The U.S. Supreme Court this week handed victory to another private-property owner in a long series of fights against federal regulators, essentially overturning a lower court’s decision that gave a totalitarian power to the government to impose use regulations on private land – and prevent the owners from appealing.
Word of the latest victory for property owners comes from the Pacific Legal Foundation, which has fought many of the property rights disputes on behalf of those targeted by regulators from the Environmental Protection Agency, the Army Corps of Engineers and others.
In fact, it has now won nine straight times when it directly represents the private-property owners in fights with federal regulators, agencies or bureaucracies.
The newest decision involves Kent Recycling Services, which wanted to set up a landfill in Louisiana but saw its plans halted because of a bureaucrat’s decision that the land it wanted to use contained “wetlands.”
It followed by only days a high court decision on a similar fight in Minnesota.
There, in a unanimous ruling against the Obama administration’s agenda, the justices said a private company, Hawkes Co. of Minnesota, has a right to challenge in court a ruling from the U.S. Army Corps of Engineers that the company’s land included “wetlands” and it wasn’t allowed to contest the decision.
The Hill commented at the time that the decision is “likely to have consequences for the federal government’s entire enforcement of the Clean Water Act.”
The Minnesota case involved the Hawkes Co., a family owned business providing peat for golf courses and other sports turf applications, and Pierce Investment and LPF Properties, which own peat land.
They were prevented from using property in Marshall County, Minnesota, because the corps issued a jurisdictional determination categorizing it as federally controlled wetlands.
“This victory guarantees the rights of millions of property owners nationwide,” said M. Reed Hopper, the PLF’s chief attorney, after the Minnesota win. “As we argued to the court – and as the court agreed today – when landowners are confronted with federal claims of jurisdiction over their property, they must have their right to their day in court. So today’s ruling is a triumph for property rights, for simple fairness, and for the rule of law.”
The organization now has announced victory for its client, Kent Recycling, in an almost identical fight.
“PLF represents – free of charge – Kent Recycling Services, which seeks to establish a solid waste landfill in Assumption Parish, Louisiana. The U.S. Army Corps of Engineers stymied the company’s plan when the Corps issued its ‘jurisdictional determination’ that the land in dispute includes wetlands covered by the federal Clean Water Act (CWA),” the organization explained. “The issue in Kent Recycling is the same as in PLF’s Hawkes case: whether landowners may appeal directly to the courts if their property is declared ‘wetlands’ subject to federal control. In Kent Recycling, the Fifth U.S. Circuit Court of Appeals ruled that landowners do not have such a right of appeal. But last week, in Hawkes, the Supreme Court held otherwise: setting precedent, the court unanimously ruled that wetlands ‘jurisdictional determinations’ are indeed subject to immediate judicial review.”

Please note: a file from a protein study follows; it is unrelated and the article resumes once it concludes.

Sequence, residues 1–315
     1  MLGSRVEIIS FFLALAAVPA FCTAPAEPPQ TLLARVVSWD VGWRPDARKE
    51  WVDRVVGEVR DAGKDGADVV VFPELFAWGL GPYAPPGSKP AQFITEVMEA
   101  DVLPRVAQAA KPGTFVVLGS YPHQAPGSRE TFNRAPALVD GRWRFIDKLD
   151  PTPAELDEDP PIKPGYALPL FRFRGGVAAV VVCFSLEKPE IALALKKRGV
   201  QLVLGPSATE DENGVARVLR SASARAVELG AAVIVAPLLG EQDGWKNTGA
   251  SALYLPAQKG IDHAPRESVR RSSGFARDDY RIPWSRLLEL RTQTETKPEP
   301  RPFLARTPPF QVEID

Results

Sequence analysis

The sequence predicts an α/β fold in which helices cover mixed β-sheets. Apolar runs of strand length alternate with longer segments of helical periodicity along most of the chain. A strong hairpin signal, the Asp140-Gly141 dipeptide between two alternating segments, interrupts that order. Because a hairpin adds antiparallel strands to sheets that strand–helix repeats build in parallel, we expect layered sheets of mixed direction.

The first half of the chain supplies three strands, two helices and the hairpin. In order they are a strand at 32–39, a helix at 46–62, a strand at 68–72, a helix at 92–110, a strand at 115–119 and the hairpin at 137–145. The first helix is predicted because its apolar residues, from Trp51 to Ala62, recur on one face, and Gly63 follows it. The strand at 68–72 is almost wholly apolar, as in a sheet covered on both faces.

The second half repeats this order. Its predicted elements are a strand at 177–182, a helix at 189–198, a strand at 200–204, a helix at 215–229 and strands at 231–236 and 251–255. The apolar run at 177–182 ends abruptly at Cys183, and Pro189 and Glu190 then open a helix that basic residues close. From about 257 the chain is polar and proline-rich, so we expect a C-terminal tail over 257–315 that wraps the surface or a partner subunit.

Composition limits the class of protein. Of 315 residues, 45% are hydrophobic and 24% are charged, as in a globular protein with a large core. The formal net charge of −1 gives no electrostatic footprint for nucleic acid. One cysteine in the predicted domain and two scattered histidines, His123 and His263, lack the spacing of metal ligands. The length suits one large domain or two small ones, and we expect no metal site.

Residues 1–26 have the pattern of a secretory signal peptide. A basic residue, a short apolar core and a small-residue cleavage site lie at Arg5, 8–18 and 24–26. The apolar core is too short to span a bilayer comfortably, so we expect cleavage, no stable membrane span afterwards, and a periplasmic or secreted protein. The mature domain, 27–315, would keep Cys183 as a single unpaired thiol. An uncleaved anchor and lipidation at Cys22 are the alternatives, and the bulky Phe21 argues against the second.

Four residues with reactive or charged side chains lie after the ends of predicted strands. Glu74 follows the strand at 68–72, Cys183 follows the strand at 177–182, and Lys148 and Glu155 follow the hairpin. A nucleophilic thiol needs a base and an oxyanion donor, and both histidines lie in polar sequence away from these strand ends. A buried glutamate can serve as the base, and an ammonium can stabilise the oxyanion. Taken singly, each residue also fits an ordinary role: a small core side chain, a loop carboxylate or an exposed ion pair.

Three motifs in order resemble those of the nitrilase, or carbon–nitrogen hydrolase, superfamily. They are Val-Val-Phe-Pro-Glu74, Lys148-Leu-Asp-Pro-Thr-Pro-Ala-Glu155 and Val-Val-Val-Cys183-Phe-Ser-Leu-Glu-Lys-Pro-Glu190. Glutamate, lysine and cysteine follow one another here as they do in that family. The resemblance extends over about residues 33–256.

So now, PLF explained, “Today, the Supreme Court ordered the Fifth Circuit to fall in line. It granted PLF’s petition in Kent Recycling, and sent the case back to the Fifth Circuit to reconsider its decision in light of the Hawkes outcome. This victory marks PLF’s ninth straight direct-representation victory at the Supreme Court in litigation for liberty and limited government – an unsurpassed record among organizations with a broad-based pro-freedom mission.”
Mark Miller, who manages PLF’s center in Florida, continued, “Today’s announcement marks another great victory for property rights. It reaffirms that property owners across the country can hold overzealous federal bureaucrats immediately accountable in court for erroneous assertions of control over wetlands. This levels the playing field for landowners who have been at the mercy of an overreaching federal government for far too long.”